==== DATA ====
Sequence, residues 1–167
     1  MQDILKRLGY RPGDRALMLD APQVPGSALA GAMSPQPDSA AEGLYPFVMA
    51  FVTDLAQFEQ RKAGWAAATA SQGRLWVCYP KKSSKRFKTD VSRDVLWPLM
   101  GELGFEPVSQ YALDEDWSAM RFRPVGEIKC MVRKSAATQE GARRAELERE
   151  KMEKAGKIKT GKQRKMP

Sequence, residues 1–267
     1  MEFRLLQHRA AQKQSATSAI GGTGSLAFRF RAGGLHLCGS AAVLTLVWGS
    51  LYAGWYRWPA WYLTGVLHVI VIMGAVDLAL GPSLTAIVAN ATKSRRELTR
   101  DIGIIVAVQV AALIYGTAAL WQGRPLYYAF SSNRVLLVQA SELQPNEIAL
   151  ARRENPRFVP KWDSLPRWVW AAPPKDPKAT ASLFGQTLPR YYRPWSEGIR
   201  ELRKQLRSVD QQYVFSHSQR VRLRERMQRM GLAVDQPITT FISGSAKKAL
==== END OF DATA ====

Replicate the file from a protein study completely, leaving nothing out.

Sequence, residues 1–167
     1  MQDILKRLGY RPGDRALMLD APQVPGSALA GAMSPQPDSA AEGLYPFVMA
    51  FVTDLAQFEQ RKAGWAAATA SQGRLWVCYP KKSSKRFKTD VSRDVLWPLM
   101  GELGFEPVSQ YALDEDWSAM RFRPVGEIKC MVRKSAATQE GARRAELERE
   151  KMEKAGKIKT GKQRKMP

Sequence, residues 1–267
     1  MEFRLLQHRA AQKQSATSAI GGTGSLAFRF RAGGLHLCGS AAVLTLVWGS
    51  LYAGWYRWPA WYLTGVLHVI VIMGAVDLAL GPSLTAIVAN ATKSRRELTR
   101  DIGIIVAVQV AALIYGTAAL WQGRPLYYAF SSNRVLLVQA SELQPNEIAL
   151  ARRENPRFVP KWDSLPRWVW AAPPKDPKAT ASLFGQTLPR YYRPWSEGIR
   201  ELRKQLRSVD QQYVFSHSQR VRLRERMQRM GLAVDQPITT FISGSAKKAL